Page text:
3 Streaming Stocks to Sell in May Before They Crash & Burn


  • Netflix (NFLX) has seemingly won the streaming wars, and its competitors are being hurt by the ongoing cord-cutting trend.
  • Warner Bros. Discovery (WBD): WBD is relying on layoffs and price hikes to meet its financial goals.
  • Paramount Global (PARA): Sony probably won’t pay a premium for PARA, if it acquires the firm at all.
  •  Disney (DIS): Streaming channels won’t significantly boost Disney’s profits for a long time, if ever. 
streaming stocks to sell - 3 Streaming Stocks to Sell in May Before They Crash & Burn

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It’s now apparent that the streaming wars are over, and Netflix (NASDAQ:NFLX) has emerged victorious. One point supporting this is that studios owned by rival streaming firms, such as HBO, are selling significant amounts of content to Netflix. Another piece of evidence is that Netflix is very profitable, generating operating income of $6.95 billion last year. Meanwhile, all of the other major streaming companies are still in the red. Moreover, the other owners of streaming channels own cable channels that are continuously being hurt by the cord-cutting trend. In light of these issues, investors should immediately unload the shares of all streaming channels other than Netflix. More specifically, here are three streaming stocks that are the best contenders to sell.

Warner Bros. Discovery (WBD)

The logo of the new Warner Bros Discovery (WBD) company on smartphone screen.
Source: Jimmy Tudeschi / Shutterstock.com

Warner Bros. Discovery (NASDAQ:WBD) seems to have little hope of meeting its financial goals by lifting its streaming channels’ subscriber base. This is evident by the company looking to attain its targets through layoffs and price hikes. With many U.S. consumers now reportedly looking to save money, this move is likely to ultimately lower its subscriber base. In the long-run it seems like there is a high possibility it will undermine its financial performance.

Similarly, the company’s decision to either greatly reduce or eliminate its broadcast of NBA games will save it money in the short-run. But, is likely to greatly lower its ad revenue and subscriber base in the longer run. As a result, this decision will probably significantly lower its top and bottom-lines eventually.

Last quarter, Warner Bros. Discovery’s top line dropped 7% year-over-year, excluding currency fluctuations. Meanwhile its EBITA, excluding currency fluctuations and other items, tumbled 20% year-over-year.

Paramount Global (PARA)

PARA stock: the Paramount plus logo on a phone in front of a screen displaying various Paramount TV shows and movies
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Sony (NYSE:SONY) and Apollo Global (NYSE:APO), a private equity firm, are reportedly considering buying Paramount Global (NASDAQ:PARA). But given the weaknesses of Paramount’s streaming and cable businesses, I doubt the companies will wind up paying a premium over the stock’s current levels. Moreover, CNBC recently reported that Sony may decide not to go through with the deal.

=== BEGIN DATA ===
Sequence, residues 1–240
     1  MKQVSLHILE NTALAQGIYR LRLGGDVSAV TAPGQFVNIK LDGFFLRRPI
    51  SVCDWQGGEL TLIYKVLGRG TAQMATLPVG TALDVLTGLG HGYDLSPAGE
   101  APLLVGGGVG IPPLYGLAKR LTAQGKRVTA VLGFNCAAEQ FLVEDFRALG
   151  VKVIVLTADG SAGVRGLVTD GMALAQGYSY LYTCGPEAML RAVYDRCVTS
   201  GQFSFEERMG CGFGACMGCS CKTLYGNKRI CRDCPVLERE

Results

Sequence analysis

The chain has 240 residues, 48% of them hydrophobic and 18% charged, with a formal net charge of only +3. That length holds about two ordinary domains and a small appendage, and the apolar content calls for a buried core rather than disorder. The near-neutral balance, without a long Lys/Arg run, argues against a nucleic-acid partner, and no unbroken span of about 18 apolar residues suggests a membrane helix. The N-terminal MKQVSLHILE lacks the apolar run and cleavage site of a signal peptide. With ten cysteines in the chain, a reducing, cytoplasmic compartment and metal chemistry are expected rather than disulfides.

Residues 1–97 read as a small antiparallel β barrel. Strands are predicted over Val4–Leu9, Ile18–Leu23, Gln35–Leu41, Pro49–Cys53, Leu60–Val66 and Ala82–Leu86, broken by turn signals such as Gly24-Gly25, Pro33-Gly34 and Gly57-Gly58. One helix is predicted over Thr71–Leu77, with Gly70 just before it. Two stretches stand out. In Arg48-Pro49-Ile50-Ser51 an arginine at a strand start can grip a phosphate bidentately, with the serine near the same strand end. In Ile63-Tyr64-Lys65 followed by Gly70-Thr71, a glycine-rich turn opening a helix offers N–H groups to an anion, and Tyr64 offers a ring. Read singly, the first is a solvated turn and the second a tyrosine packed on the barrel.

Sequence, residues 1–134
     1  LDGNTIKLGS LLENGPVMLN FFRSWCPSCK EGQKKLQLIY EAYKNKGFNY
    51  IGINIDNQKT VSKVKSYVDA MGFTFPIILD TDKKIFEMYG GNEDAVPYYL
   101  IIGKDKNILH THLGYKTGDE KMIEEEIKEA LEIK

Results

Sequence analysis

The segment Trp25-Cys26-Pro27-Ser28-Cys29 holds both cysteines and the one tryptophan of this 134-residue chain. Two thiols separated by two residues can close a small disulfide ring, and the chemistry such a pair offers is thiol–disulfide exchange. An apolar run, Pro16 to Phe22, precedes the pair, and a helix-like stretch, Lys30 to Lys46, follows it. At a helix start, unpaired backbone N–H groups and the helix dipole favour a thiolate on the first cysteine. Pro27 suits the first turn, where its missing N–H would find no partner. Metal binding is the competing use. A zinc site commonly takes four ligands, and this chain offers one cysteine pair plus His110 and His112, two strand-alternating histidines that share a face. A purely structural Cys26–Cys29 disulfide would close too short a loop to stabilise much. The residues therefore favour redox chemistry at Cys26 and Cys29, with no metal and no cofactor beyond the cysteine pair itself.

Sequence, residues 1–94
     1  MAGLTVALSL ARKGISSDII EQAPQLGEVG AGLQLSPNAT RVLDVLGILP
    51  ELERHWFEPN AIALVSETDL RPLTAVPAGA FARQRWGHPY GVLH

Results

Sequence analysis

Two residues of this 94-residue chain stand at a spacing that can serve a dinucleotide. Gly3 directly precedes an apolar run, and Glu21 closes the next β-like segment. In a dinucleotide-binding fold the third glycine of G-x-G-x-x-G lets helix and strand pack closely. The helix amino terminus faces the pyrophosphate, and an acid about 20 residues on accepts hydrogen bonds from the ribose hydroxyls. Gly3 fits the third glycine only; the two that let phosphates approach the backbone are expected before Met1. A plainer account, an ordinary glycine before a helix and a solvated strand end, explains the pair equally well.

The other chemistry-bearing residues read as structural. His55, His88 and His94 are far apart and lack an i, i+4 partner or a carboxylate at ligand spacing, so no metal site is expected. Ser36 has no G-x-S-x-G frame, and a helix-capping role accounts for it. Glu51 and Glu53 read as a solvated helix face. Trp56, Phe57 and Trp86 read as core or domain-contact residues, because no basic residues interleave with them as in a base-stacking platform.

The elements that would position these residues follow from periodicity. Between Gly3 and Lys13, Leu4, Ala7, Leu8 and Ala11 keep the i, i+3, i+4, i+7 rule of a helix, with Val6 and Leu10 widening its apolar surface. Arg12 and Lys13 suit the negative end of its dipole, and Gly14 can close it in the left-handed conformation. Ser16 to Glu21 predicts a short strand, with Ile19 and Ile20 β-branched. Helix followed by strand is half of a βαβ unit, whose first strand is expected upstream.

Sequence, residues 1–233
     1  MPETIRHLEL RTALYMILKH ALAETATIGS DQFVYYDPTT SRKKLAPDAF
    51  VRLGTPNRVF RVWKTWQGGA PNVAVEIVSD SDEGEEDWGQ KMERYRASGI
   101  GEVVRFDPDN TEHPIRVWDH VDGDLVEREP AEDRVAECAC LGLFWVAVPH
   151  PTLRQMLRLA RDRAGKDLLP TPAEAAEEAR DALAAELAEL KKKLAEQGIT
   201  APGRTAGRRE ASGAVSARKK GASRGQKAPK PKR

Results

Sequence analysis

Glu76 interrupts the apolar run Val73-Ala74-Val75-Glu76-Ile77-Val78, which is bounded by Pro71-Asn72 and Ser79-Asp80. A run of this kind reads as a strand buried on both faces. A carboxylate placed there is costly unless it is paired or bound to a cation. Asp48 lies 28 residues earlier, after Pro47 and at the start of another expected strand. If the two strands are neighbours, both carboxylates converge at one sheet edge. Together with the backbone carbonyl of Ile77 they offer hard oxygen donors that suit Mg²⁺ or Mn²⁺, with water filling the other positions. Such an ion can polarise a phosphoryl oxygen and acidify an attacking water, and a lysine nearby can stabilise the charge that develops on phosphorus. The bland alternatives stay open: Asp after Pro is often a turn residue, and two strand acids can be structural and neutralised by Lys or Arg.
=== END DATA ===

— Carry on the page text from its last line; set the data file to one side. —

Also boding badly for PARA stock, Warren Buffett slashed his ownership of the name to 7.5 million shares last quarter from 63.3 million shares previously. The move shows that the Oracle of Omaha has little faith in the streaming firm going forward. Buffett recently noted that he lost quite a bit of money on the shares.

Paramount’s revenue actually increased 6% in Q1 YOY, but it still generated an operating loss of $417 million.

Disney (DIS)

Entrance to Walt Disney World park. DIS stock.
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Disney’s (NYSE:DIS) streaming business is still not profitable as the unit lost $18 million last quarter. And, it was $659 million in the red over the 12-month period that ended in March.

On the positive side, the firm’s flagship Disney+ streaming channel added a net total of 6 million subscribers last quarter. And, the firm expects its streaming business to finally become profitable in its fiscal Q4.

But the streaming business is unlikely to meaningfully boost the conglomerate’s overall profitability for years. The firm’s overall revenue rose an anemic 1% YOY last quarter as the top line of its entertainment division fell 5% YOY.

Cost cutting caused the company’s cash provided by operations to jump 13% last quarter to $3.67 billion, but Disney probably won’t be able to keep reducing its spending much more going forward.

Given its low revenue growth and unimpressive outlook, DIS stock has a high forward price-earnings ratio of 21.6 times. As a result, Disney definitely remains one of the streaming stocks to sell.

On the date of publication, Larry Ramer did not hold (either directly or indirectly) any positions in the securities mentioned in this article. The opinions expressed in this article are those of the writer, subject to the InvestorPlace.com Publishing Guidelines

Larry Ramer has conducted research and written articles on U.S. stocks for 15 years. He has been employed by The Fly and Israel’s largest business newspaper, Globes. Larry began writing columns for InvestorPlace in 2015. Among his highly successful, contrarian picks have been SMCI, INTC, and MGM. You can reach him on Stocktwits at @larryramer.

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